I come from a family that cares about horticulture. You could say we’re “deeply rooted” in plants. My paternal grandmother, a “lady of leisure” in the latter half of the last century, would put on a smock and make a day out of watering and repotting her 100 or so plants around her Boston home. My maternal grandfather, a successful obstetrician/gynecologist in Toronto, had his own vineyard, apple and pear trees, corn stalks, raspberry bushes, and more, plus a very full and “always green” greenhouse attached to the house.
Whenever I visited either set of grandparents, I would spend my days following them around their properties, observing, learning, and “helping” as best I could. It is a memory of my now-deceased grandparents that I continue to cherish.
Fast-forward some 20-plus years and I am not a lady of leisure, nor do I have a huge property with lots of plants or vegetables. I currently have seven plants, if you count the two pots of parsley seeds I planted with my children on Tu Bishvat that we harvested for our Passover seder. Correction: I have six plants. On a more careful (and rather infrequent) moment of watering my plants, I notice that one is dead, and not only merely dead but, to paraphrase from “The Wizard of Oz,” she’s really most sincerely dead.
To put it simply: While I have inherited many blessings from my grandparents, their very green thumbs I did not.
And yet, I keep planting. There’s the easy-to-care-for houseplant we bought before starting a family (we don’t do pets) just to make sure we could keep something alive (and eight years later, it’s yellow, but still mostly OK). There are the tomato plants I will plant with my children this spring so they can watch and learn about the fruits of their labors. And there’s the orchid—one of the hardest plants to keep alive in my experience—that someone gave me last summer when I had cancer, and while I’ve watched it die while I, thank God, recovered, I’ve also seen it sprout new buds, a sign of hope for the future.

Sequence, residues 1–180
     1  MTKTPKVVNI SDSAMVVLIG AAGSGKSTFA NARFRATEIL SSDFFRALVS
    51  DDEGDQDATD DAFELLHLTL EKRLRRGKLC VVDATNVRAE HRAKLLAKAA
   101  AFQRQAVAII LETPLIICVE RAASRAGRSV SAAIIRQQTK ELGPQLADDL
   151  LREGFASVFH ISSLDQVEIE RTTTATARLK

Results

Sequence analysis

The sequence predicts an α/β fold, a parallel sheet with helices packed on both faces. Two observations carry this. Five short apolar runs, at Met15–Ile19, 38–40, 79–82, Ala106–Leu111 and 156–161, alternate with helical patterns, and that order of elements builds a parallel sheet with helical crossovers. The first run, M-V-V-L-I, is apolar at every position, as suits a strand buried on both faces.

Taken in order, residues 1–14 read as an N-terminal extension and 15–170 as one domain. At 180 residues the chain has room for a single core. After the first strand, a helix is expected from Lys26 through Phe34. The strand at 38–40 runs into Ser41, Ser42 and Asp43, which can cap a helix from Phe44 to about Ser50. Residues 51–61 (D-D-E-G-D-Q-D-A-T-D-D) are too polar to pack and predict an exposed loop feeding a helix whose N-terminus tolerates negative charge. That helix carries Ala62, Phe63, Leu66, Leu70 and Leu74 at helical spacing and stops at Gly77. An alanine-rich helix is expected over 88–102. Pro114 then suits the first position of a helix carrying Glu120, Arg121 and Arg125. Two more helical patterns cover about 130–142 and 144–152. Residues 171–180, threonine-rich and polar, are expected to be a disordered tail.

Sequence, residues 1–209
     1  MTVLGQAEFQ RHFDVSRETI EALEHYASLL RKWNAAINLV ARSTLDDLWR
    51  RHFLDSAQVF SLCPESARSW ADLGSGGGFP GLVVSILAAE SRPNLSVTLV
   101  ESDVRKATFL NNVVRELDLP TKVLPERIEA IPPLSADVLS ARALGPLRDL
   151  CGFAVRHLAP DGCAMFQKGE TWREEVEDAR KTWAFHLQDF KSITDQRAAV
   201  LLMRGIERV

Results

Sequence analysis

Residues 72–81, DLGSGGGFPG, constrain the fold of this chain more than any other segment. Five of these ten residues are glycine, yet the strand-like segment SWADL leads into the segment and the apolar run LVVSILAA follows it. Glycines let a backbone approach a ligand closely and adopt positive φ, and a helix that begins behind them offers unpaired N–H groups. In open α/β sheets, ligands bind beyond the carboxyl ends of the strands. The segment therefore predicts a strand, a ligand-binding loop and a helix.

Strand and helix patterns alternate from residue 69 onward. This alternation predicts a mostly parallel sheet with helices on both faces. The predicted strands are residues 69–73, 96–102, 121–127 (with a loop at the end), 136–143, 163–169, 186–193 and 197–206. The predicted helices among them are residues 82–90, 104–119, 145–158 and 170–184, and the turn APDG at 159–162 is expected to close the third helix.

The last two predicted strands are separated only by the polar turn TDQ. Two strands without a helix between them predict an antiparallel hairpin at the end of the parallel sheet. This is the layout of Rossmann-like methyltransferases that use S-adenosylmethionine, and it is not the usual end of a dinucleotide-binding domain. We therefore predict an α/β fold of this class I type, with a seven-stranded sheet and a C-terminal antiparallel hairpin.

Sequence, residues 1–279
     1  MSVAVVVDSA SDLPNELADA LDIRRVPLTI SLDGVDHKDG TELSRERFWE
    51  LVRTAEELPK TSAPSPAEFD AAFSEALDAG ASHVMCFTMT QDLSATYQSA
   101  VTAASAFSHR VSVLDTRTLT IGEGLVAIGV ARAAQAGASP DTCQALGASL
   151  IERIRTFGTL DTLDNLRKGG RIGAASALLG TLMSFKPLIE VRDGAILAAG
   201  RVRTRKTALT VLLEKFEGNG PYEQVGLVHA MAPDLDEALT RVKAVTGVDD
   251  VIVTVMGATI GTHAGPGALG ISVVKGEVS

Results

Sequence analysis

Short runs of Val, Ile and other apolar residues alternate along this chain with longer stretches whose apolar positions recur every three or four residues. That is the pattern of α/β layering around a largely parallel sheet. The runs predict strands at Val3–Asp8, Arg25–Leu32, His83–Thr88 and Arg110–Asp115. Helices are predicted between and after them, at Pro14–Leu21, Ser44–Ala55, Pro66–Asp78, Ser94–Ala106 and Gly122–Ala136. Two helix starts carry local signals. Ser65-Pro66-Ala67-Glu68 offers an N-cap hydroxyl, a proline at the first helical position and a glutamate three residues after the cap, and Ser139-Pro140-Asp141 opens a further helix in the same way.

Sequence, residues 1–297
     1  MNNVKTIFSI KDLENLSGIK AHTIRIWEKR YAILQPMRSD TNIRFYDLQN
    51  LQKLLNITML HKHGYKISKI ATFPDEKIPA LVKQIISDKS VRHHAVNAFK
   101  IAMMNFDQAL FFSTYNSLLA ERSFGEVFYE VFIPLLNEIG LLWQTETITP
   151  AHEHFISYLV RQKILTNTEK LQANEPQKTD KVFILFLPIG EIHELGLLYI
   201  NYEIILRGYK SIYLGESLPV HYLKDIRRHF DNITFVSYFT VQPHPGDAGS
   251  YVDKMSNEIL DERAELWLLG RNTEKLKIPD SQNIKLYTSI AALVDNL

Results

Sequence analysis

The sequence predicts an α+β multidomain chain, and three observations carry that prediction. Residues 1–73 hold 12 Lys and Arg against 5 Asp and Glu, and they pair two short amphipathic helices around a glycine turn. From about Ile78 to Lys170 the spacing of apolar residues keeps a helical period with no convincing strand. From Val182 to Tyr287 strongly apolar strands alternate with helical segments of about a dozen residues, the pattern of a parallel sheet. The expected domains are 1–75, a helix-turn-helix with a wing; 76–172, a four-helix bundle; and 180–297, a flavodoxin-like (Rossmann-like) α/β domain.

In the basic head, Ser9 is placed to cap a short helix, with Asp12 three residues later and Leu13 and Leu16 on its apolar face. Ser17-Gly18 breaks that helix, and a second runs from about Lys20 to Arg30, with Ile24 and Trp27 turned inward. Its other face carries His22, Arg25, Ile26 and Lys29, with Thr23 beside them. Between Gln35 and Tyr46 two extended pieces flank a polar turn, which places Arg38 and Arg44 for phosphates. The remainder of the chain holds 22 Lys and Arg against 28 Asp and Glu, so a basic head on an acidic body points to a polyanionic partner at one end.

I did not inherit the green thumb: Planting and harvesting do not come easily to me. And yet, I keep doing it, and I encourage my children to do it too, because who knows, one day, something beautiful may sprout for them. But it isn’t easy. In fact, I struggle, I have doubts, and I often find the burden of “cultivating my garden” (thank you, Voltaire) to be overwhelming.
Why continue to pursue something that is so challenging? Personally, there is meaning, engagement, and dare I say it—joy—even in the struggle and certainly in the moments of enjoying beautiful results. It does not always happen, but when it does, I am so glad to fulfill the words of our tradition, “Those who sow in tears will reap in joy.”
So, why be Jewish? For me, it is just like planting. We find meaning in tradition: in keeping the traditions of our ancestors, in remembering what was special to them. We create joy for ourselves: the pleasure of seeing blossoms, of giving and sustaining life. And we imbue our children with deep roots and with the hope and possibility of future buds that may sprout one day.
There’s no simple answer and there’s no easy reason to be Jewish. It is a personal choice, just like anything else in life. For me, I am Jewish because, as the words in the Talmud say, “Just as my ancestors planted for me, so will I plant for my children.” And I can only hope and pray that I am able to make our Jewish lives rich and beautiful and meaningful in such a way that my children will say the same.